The Exchange granted the requested waiver of the minimum public float requirement after taking account of the following:
the Proposed Arrangement as set out in paragraph 14(iii) indicated that there would be sufficient liquidity in the H Shares;
if the requested 10% H Share public float waiver was granted, the market capitalisation of the 10% H Share public float would be about HK$3 billion. If the requested waiver to allow the aggregate shareholding of the three largest public shareholders to exceed 65% of the total H Share public float was granted, the market capitalisation of the H Share public float (excluding the three largest public H Shareholders) would be about HK$2 billion. The market capitalisation of the relevant H Share public float under both circumstances would be well above the minimum public float market capitalisation of HK$50 million under Rules 8.08(1)(b) and 8.09(1);
Company A had a B Share public float of about 20%, more than 60% of them were held by investors outside the PRC;
Company A had undertaken to increase the H Share public float to 15% as required under Rule 8.08(1)(b) within one year from the Proposed Introduction, subject to the China Securities Regulatory Commission’s approval; and
Company A is a listed company with a market capitalisation of about HK$30 billion
The waiver applications made by Company A in relation to the public float were later withdrawn as soon as the Company became aware that it had sufficient public float under Rules 8.08(1)(b) and 8.08(3) after the Cash Offer
Financial Statements Requirement
Rule 4.01(1) and paragraph 37 of Appendix 1A to the Rules require accountants’ reports to be included in a listing document issued by a new applicant. Company A’s historical Financial Information had been prepared under China Accounting Standards for Business Enterprises (acceptable accounting standards for PRC issuers under Rule 4.11) and audited by an approved PRC auditor under Rule 19A.08. In granting the waiver the Exchange considered the following:
the Proposed Introduction would not involve any new investors and all the existing shareholders had already been provided with the Historical Financial Information. The same financial information would be provided to Hong Kong investors as to Company A’s existing shareholders. If an accountants’ report were to be prepared for Company A, no adjustment to the Historical Financial Information was expected;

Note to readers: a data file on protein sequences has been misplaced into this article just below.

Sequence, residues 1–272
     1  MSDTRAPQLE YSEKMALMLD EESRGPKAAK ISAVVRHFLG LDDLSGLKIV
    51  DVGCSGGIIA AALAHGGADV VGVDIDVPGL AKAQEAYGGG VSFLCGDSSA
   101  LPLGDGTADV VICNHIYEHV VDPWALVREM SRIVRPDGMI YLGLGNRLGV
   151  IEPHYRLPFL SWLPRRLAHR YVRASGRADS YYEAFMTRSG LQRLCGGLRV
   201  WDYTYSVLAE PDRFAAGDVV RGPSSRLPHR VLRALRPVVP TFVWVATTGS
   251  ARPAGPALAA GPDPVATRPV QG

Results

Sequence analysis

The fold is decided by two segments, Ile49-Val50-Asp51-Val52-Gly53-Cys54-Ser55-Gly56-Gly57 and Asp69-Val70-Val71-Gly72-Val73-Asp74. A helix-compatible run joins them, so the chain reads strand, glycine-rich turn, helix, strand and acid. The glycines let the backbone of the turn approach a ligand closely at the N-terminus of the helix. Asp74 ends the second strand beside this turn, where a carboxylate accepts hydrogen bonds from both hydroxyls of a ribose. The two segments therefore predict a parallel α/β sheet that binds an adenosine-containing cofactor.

Company A and its sponsor considered that the Historical Financial Information would provide adequate and sufficient information on its performance and financial position during the track record period to its existing shareholders and Hong Kong investors. In addition, Company A would disclose in its listing document a directors’ confirmation that all material information had been included in the listing document and the information contained was accurate and complete in all material respects and not misleading or deceptive; and
Company A’s auditors and reporting accountants would provide it and its sponsor with a comfort letter with respect to the Interim Financial Information based on certain agreed upon procedures performed under China Standards on Related Services 4101 (a standard comparable to that required by the Hong Kong Institute of Certified Public Accountants and the International Federation of Accountants) and the Interim Financial Information was for the interim period ended two months before Company A’s listing document.
Residence of INED
Rule 19A.18(1) requires that at least one of the independent non-executive directors (INEDs) of a PRC issuer must be ordinarily resident in Hong Kong. In granting a waiver from this requirement, the Exchange considered Company A’s submission that it required more than three months to appoint an additional INED ordinarily resident in Hong Kong. The Exchange also took into account the fact that the term of the current board would expire in the forthcoming AGM to be held within five months after the Proposed Introduction and Company A’s undertaking to appoint an INED ordinarily resident in Hong Kong at the AGM; together with the fact that Company A proposed to appoint professional parties familiar with business, legal and regulatory issues in Hong Kong such as a Hong Kong legal adviser so long as Company A was listed on the Exchange.
The Exchange agreed to grant waivers requested by Company A but stressed that the waivers were granted based on the particular facts and circumstances of Company A. All waivers granted to Company A will not be treated as precedents for other companies seeking to convert their B shares into H shares.